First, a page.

World War II, or the Second World War, was a global military conflict. It began as the joining of what had initially been two separate conflicts, with the first beginning in Asia in 1937 (the Second Sino-Japanese War) and the other beginning in Europe in 1939 (the German and Soviet invasion of Poland).
The war split the majority of the world's nations into two opposing military alliances: the Allies and the Axis. It involved the mobilization of over 100 million military personnel, making it the most widespread war in history, and placed the participants in a state of "total war", which erased the distinction between civil and military resources and resulted in the complete activation of a nation's economic, industrial, and scientific capabilities for the purposes of the war effort. Over 70 million people, the majority of them civilians, were killed, making it the deadliest conflict in human history.
The GermanS-mine (Schrapnellmine in German), also known as the Bouncing Betty, is the best-known version of a class of mines known as bounding mines. These mines launch into the air at about waist height and explode, propelling shrapnel horizontally at lethal speeds. The S-mine was an anti-personnellandmine developed by Germany in the 1930s and used extensively by German forces during World War II. It was designed to be used in open areas to attack unshielded infantry. Two versions were produced, designated by the year of their first production: the SMi-35 and SMi-44. There are only minor differences between the two models.The S-mine entered production in 1935 and served as a key part of the defensive strategy of the Third Reich. Until production ceased with the defeat of Germany in 1945, Germany produced over 1.93 million S-mines.These mines were responsible for inflicting heavy casualties and slowing, or even repelling, drives into German-held territory throughout the war. The design was lethal, successful and much imitated, and remains one of the definitive weapons of World War II.
Image 3Jews from Carpathian Ruthenia on the selection ramp at Auschwitz II, c. May 1944. Women and children are lined up on one side, men on the other, waiting for the SS to determine who was fit for work. About 20 percent at Auschwitz were selected for work and the rest gassed. (from The Holocaust)
Image 18Italian Social Republic (RSI) as of 1943 in yellow and green. The green areas were German military operational zones under direct German administration. (from Diplomatic history of World War II)
Image 19Jews arrive with their belongings at the Auschwitz II extermination camp, summer 1944, thinking they were being resettled. (from The Holocaust)
Image 26British Prime Minister Neville Chamberlain and Hitler at a meeting in Germany on 24 September 1938, and Hitler demanded the immediate annexation of Czechoslovak border areas. (from Causes of World War II)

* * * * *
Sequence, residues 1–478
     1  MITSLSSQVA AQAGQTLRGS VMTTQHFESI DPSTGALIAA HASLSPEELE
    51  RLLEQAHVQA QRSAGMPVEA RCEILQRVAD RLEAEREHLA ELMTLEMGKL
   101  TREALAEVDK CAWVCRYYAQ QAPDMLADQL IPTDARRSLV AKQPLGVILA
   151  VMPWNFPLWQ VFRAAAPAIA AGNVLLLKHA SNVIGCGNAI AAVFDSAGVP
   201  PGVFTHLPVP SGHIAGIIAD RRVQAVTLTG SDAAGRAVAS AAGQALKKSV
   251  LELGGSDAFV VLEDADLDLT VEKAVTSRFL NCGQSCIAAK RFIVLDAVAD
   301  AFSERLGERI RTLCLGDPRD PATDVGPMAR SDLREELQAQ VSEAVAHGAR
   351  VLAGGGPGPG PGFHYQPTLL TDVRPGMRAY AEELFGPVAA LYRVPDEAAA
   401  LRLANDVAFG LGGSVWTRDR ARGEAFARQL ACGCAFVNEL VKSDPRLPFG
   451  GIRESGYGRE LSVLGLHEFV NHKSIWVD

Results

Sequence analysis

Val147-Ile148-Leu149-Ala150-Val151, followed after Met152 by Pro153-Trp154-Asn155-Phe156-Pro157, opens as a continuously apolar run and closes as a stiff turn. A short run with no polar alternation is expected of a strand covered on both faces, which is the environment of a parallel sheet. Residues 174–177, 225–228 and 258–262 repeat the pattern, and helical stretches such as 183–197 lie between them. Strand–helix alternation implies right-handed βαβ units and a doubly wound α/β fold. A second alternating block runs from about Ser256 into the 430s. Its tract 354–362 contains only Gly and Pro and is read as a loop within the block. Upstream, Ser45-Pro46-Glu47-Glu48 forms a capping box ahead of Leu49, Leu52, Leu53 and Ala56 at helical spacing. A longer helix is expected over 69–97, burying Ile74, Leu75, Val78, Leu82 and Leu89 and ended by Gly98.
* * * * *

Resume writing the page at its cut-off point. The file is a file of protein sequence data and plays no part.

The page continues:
Image 341935 poster of the puppet state of Manchukuo promoting harmony among peoples. The caption reads: "With the help of Japan, China, and Manchukuo, the world can be in peace." (from Diplomatic history of World War II)
Image 60Germany invaded Poland on 1 September 1939 which directly led to the Anglo-French declaration of war on Germany on 3 September. The Soviet Union joined Germany's invasion of Poland on 17 September. (from Causes of World War II)
The forward magazine of the destroyerUSS Shaw explodes as a result of combat damage during the attack on Pearl Harbor, December 7, 1941. At right, the bow of USS Nevada can be seen after her aborted escape attempt out channel. Many people mistakenly believe the ship shown exploding is USS Arizona, whose destruction during the attack accounted for over half of the men killed in action.
Aleksandr Mikhaylovich Vasilevsky , September 30, 1895 – December 5, 1977) was a Soviet military commander, promoted to Marshal of the Soviet Union in 1943. He was the Soviet Chief of the General Staff and Deputy Minister of Defense during World War II, as well as Minister of Defense from 1949 to 1953. As the Chief of the General Staff, Vasilevsky was responsible for the planning and coordination of almost all decisive Soviet offensives, from the Stalingrad counteroffensive to the assault on East Prussia and Königsberg.Vasilevsky started his military career during the First World War, earning the rank of captain by 1917. At the beginning of the October Revolution and the Civil War he was conscripted into the Red Army, taking part in the Polish–Soviet War. After the war, he quickly rose through the ranks, becoming a regimental commander by 1930. In this position, he showed great skill in the organization and training of his troops. Vasilevsky's talent did not go unnoticed, and in 1931 he was appointed a member of the Directorate of Military Training. In 1937, following Stalin's Great Purge, he was promoted to General Staff officer.